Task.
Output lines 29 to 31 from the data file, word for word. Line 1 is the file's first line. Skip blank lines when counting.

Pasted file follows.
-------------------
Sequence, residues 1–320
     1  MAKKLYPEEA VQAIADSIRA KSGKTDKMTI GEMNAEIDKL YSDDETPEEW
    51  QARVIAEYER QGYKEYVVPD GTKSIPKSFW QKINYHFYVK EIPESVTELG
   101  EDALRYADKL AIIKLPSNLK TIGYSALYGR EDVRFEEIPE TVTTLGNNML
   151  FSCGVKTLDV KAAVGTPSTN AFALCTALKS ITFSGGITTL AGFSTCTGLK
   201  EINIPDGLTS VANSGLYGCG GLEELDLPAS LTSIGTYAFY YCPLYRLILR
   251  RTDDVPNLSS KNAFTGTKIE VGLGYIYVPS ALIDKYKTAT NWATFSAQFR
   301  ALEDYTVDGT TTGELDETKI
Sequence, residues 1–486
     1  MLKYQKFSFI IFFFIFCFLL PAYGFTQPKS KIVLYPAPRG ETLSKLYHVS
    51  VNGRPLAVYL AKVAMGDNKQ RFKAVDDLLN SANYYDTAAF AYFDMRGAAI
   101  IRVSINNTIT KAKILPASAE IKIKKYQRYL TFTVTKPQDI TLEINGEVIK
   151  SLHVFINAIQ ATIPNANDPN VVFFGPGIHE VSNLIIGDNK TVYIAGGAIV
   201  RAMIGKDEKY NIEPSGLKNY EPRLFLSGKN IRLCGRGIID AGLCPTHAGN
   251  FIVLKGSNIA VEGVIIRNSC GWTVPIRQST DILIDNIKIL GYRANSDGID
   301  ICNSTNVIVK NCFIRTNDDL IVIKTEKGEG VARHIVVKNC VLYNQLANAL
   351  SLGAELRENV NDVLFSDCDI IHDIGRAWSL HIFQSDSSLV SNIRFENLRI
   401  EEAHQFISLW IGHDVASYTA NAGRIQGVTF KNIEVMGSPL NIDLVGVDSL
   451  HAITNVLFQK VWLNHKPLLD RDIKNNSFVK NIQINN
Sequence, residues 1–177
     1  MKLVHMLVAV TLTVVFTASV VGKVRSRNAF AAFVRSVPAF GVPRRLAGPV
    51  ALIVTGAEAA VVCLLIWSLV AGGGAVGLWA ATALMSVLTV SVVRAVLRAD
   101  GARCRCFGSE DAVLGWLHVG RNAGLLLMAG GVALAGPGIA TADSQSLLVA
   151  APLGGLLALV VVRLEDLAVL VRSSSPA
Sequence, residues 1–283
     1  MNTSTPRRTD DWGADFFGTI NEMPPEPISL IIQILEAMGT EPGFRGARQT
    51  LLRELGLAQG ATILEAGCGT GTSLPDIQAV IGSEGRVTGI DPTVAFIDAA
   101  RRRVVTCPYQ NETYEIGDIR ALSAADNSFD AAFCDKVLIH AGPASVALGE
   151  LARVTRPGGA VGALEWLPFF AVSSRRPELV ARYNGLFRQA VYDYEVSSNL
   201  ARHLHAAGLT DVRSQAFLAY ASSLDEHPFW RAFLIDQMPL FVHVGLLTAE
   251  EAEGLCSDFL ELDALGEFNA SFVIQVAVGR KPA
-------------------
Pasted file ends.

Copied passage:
   151  LARVTRPGGA VGALEWLPFF AVSSRRPELV ARYNGLFRQA VYDYEVSSNL
   201  ARHLHAAGLT DVRSQAFLAY ASSLDEHPFW RAFLIDQMPL FVHVGLLTAE
   251  EAEGLCSDFL ELDALGEFNA SFVIQVAVGR KPA